Monday, October 28, 2013

Also, if what I heard from the reeds is true, Tom Brevoort has ass's ears.

I would like to draw your attention This is probably the best blurb I've found on the back cover of a comic book in quite a while, the second one down:
"Geoff Johns and King Midas of ancient Greek myth both have a similar trait in common: whatever they touch, no matter how lackluster or trivial, is turned into radiant gold and worthy of attention."
I like everything about that blurb.

I like how overly-complicated the structure of it is. If one wanted to make an everything-Geoff Johns-touches-turns-to-gold observation, it doesn't take quite so many words: "Like King Midas, everything Geoff Johns touches turns to gold." Period. Also acceptable, "Geoff Johns has the Midas touch."

But the writer, whose name isn't given in the blurb and whose name I am not giving here because I don't really want to make fun of him or her as much as I want to point out the out-of-context blurb as something that amused me personally, specifies where the metaphor of the Midas touch comes from ("ancient Greek myth") and then seems to work against the use of that metaphor. Johns doesn't just have the Midas touch, he has "a similar trait in common," a phrase I have trouble processing, with Midas. And here neither Johns nor Midas turn what they touch into mere gold, but to "radiant gold" that is "worthy of attention." Not normal gold, or the sort of gold you can ignore.  The blurb kind of makes me wonder if the writer actually knows the story of Midas.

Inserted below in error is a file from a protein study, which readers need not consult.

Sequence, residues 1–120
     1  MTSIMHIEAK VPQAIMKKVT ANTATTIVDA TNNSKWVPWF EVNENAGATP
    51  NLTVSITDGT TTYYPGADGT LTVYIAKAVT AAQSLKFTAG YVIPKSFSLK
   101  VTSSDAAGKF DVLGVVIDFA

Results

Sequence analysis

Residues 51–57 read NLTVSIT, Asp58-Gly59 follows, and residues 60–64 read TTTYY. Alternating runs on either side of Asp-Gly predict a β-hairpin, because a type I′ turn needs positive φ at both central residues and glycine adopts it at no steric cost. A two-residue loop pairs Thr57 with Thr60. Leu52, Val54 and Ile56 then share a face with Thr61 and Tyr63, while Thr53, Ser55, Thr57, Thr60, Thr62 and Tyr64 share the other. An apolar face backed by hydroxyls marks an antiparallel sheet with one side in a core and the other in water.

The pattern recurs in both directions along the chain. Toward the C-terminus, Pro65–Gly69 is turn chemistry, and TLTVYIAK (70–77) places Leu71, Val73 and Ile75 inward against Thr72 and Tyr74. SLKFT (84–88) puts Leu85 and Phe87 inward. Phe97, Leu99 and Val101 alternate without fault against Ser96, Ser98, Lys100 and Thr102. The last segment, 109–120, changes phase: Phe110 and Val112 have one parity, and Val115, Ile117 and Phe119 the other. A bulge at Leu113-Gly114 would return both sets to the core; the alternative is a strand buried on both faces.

I also like the fact that the comic book the blurb appears on in a collection of Justice League of America  Vol. 1: World's Most Dangerous, written by Johns, Matt Kindt and Jeff Lemire, and featuring artwork by David Finch (who draws  only parts of three of the eight issues collected, and is merely the first of 16 artists involved, despite the series being sold as a Johns/Finch one). The blurb itself is taken from a review of JLoA #2, one of the issues Finch drew.

I find it amusing that this is the comic that the writer deploys the Midas touch metaphor on because, even allowing for variations in the tastes of different critics, it seems to me that reasonable people who have read more than just DC super-comics of the past three years can agree that it is not a very good comic book. It's not even a very good Geoff Johns comic book. It's not even a very good Geoff Johns comic book about the Justice League.